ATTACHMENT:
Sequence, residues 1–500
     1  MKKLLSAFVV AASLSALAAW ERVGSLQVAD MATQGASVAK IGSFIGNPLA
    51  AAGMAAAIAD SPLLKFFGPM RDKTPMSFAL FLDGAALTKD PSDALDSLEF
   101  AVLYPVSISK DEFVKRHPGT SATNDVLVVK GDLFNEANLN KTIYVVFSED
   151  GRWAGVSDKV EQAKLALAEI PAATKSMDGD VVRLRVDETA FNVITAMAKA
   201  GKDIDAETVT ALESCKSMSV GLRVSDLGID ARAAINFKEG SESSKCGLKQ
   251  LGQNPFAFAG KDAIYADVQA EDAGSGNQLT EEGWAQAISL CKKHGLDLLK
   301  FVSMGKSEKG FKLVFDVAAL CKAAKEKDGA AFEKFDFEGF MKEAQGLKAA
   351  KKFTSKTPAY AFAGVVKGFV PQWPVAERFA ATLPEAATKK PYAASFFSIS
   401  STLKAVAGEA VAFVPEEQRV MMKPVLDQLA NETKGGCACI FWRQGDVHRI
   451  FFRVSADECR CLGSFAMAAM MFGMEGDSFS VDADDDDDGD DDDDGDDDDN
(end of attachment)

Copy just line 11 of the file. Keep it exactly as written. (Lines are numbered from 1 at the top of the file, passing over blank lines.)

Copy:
   451  FFRVSADECR CLGSFAMAAM MFGMEGDSFS VDADDDDDGD DDDDGDDDDN